Ten things NCEA has taught me
Four gruelling years, and I’ve finally passed through the system. NCEA, like any set of exams, is not something to look back on with exquisite fondness—on the contrary, it is no doubt something we will all be glad to leave behind—but it is nonetheless worth reflecting on how NCEA worked for us. At least, this is what NCEA taught me.
- …stress, all year round, all the time.
Isn’t it funny how internal assessments all seem to pile up at the same time? And isn’t it funnier how concentrating them to the same time doesn’t seem to mean there’s less at any other time? I mean, how many times did you stay up past two doing assignments? (Were you one of those people that stayed up until like, five?) At least we can safely say we’ll be well-prepped for the coursework pressures of university.
- …rote-learn answers.
Any well-disciplined student understands that excellences are not gained through a thorough understanding of the material. People who have more time to pore over answers, learning exactly what to write word-for-word come the exam, seemed to do better. People that knew what they were talking about, but kept missing that word or point, well, hmph, that brings me to…
- …take common sense, hash it out and make it sound meaningful.
Like any examination system, but especially with NCEA, explicitness of expression was crucial. It is not enough to say that ionic bonds take more energy to overcome than dipole attractions. You say first that ionic bonds are stronger than dipole attractions, then you explain the “more energy” bit. What that actually adds to the answer, I don’t know, but it is representative of most of NCEA answers. Common sense? Never! In fact…
- …write more in my answers than necessary.
NCEA students had to perfect the art of taking something explainable in one sentence, and filling half a page with it (the amount of space that’s given)—just to find the model answer’s, like, three lines. Anyone brave enough to actually try a three-line answer, though, paid dearly for it, because they probably missed a word or two. The solution? Always fill up all the space given, and more if you can—that way, you’re bound to get everything they want (and maybe more).
- …predict which questions will be worth how much.
This is, indeed, a feature unique to NCEA. Ignorance, they say, is bliss; here, candidates are blind to the marking systems, not like the outdated systems where we got told which questions are worth one mark and which are worth four. Therefore, they adapt—they learn to tell at sight, from the question, which questions are the important ones. It doesn’t mean they’re always right. But the skill, with practice, develops to a point where, after three years, it becomes natural instinct. I wonder how much use this newfound ability will be in the future.
- …focus more on what I need to show than what I have to learn.
Because I mean, if they totally spell out what you need to do, who cares what you’re learning? Okay—of course people don’t actually think like that—but the reality was that you had to understand what you needed to do, to get the marks you wanted. Then, sometimes, learning stuff was just a bonus. But then, learning anything at high school’s just a bonus. So, meh.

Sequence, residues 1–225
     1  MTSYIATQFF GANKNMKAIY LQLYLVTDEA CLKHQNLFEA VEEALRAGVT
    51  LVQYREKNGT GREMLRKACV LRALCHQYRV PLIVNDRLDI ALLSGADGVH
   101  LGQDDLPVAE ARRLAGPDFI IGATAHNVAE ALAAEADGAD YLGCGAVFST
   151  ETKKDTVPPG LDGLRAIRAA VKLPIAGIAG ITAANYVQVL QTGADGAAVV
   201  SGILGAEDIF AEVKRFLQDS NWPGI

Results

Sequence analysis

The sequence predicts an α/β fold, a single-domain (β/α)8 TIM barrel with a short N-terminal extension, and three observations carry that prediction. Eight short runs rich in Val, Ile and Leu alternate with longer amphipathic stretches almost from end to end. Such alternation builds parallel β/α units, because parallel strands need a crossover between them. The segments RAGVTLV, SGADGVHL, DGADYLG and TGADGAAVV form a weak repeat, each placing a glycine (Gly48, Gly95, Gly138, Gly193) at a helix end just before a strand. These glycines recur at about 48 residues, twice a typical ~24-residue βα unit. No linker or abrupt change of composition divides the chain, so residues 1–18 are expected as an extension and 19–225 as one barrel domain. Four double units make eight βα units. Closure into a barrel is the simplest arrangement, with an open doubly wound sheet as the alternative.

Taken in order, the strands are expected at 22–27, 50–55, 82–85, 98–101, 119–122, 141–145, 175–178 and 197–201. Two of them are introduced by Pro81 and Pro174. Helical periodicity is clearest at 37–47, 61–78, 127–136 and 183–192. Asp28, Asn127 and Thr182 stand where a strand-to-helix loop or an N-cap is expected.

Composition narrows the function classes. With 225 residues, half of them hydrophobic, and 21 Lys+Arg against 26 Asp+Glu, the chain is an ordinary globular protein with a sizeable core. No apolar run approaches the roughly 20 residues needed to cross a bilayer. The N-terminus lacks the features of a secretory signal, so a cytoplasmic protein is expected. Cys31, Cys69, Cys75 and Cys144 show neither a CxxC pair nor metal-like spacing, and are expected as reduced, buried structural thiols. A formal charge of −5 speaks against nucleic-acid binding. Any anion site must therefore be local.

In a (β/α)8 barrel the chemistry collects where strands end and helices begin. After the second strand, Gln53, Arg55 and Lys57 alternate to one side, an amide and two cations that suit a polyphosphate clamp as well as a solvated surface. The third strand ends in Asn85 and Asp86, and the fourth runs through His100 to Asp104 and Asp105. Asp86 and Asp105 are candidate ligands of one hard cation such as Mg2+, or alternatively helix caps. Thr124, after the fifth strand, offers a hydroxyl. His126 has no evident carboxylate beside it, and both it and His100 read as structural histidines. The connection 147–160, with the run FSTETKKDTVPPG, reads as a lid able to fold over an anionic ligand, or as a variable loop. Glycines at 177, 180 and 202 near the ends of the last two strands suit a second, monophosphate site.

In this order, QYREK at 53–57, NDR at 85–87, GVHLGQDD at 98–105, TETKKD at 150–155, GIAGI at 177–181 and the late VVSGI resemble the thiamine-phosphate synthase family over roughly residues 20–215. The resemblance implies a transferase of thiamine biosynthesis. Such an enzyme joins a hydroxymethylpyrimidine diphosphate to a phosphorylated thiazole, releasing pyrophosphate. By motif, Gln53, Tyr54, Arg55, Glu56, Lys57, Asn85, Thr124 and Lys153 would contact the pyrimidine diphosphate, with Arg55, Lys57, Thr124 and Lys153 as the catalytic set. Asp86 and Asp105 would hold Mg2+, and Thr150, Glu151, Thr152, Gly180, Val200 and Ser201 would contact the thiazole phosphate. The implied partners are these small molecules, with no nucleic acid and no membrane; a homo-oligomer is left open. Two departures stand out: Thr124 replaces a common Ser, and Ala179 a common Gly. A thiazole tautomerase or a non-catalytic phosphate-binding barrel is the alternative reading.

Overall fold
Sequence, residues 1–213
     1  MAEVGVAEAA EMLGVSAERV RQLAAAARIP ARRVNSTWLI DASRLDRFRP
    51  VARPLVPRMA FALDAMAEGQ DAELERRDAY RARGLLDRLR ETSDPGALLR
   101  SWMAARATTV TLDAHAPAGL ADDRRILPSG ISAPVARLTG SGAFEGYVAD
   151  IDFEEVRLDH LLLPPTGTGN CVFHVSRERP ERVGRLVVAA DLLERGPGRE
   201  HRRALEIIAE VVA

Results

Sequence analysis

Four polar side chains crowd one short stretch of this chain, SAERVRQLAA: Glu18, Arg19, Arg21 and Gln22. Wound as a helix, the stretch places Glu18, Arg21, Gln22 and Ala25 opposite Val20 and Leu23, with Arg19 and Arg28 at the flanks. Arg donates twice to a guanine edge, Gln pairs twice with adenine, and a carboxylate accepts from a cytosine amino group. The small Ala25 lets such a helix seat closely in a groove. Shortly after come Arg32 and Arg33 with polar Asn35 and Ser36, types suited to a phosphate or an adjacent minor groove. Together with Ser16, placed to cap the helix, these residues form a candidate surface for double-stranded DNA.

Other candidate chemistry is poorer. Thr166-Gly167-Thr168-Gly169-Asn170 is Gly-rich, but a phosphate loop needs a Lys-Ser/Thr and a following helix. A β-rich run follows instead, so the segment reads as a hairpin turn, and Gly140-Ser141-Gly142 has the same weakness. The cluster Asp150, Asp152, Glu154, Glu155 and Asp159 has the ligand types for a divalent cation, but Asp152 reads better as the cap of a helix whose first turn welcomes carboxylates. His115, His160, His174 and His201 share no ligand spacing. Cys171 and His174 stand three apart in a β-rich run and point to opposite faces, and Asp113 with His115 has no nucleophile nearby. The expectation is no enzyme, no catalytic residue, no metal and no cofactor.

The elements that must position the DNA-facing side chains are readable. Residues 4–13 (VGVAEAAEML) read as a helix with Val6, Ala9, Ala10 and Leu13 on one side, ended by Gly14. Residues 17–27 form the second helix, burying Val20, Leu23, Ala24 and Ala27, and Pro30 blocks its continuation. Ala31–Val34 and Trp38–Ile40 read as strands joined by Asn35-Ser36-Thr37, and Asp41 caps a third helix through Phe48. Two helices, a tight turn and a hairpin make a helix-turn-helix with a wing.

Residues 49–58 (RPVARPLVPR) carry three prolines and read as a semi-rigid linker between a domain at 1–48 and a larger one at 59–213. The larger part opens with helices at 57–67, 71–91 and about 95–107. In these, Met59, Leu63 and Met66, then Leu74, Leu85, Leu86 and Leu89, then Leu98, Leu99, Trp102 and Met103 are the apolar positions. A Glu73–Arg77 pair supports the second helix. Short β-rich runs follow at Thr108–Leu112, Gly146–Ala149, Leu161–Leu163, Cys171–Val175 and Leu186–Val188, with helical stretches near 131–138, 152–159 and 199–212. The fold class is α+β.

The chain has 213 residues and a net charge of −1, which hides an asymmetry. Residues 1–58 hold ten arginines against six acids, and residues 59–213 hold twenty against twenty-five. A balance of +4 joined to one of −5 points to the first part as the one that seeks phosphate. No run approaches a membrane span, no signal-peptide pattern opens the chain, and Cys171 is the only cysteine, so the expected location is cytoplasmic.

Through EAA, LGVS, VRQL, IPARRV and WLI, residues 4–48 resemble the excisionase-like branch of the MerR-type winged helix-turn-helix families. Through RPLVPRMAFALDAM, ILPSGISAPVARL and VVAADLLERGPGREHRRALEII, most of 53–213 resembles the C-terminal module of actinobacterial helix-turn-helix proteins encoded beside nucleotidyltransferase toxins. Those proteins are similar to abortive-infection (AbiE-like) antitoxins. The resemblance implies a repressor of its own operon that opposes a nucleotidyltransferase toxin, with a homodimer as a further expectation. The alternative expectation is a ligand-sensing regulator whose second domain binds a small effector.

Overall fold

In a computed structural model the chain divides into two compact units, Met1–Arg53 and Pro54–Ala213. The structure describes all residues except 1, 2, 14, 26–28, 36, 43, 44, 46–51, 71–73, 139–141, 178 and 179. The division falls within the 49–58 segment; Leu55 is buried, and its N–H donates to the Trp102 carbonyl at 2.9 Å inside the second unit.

- …get every single little detail right.
The counterpart of item 2 for internal assessments: criterion-referenced assessment in its truest form (read: NCEA) demanded the fulfilling of every criterion in existence. It’s how it worked: these are the many criteria; screw up one and we drop you a grade (or two). Chemistry 3.1 is most reminiscent of this; the writing assessments in English were also somewhat demanding, though internal assessments in general seemed to have this idea. If you could be arsed, you had to be a perfectionist. If you couldn’t, either you did the same for the bare-pass criteria, or item 8 applies to you.
- …shrug and think, “Heck, who cares about those credits, I don’t need them.”
Admit it, the thought crossed your mind at least once in those three years. Reasons vary—too much coming at once, the standard’s too hard, the classic I’ve-already-got-my-80-credits-so-I-think-I’ll-stop-trying excuse from those low enough to use it—but apparently, NCEA students are known for slacking off. Whether or not this is a fault in the system is debatable if not doubtful, but in any case, it could be tempting.
- …keep up with changes to assessment systems.
If each of us had a dollar every time a change was made to NCEA while we were doing it, the government would be out of pocket. During the time I was doing NCEA, they simplified (or complicated, depending on who you ask) the marking system, merged and renumbered and deleted and created and changed the credit values of several standards, changed the achievement criteria of even more standards, ditched the grade average that was out of 100 but “not a percentage”, started reporting failures, strengthened moderation procedures and introduced “merit” and “excellence” certificates. And that’s not including the giant overhaul that the scholarship exams had. Phew.
- …complain about the system.
If there is just one thing we will remember about NCEA, this will be it. Stress, rote-learning and keeping up with the system were there, but it was the opinions, the arguments, the politics and the constant whining that will forever mark the memories of early NCEA-ers. The political opportunities were massive; the constant media attention ensured that everyone not only had opinions, but was at ease with expressing them. Who didn’t complain about some aspect or another? Who didn’t suggest their own version of what NCEA should be—or in the odd extreme case, the ditching of it altogether? NCEA taught us, if not to whine about the system, then to question how our national school leavers’ qualification should work.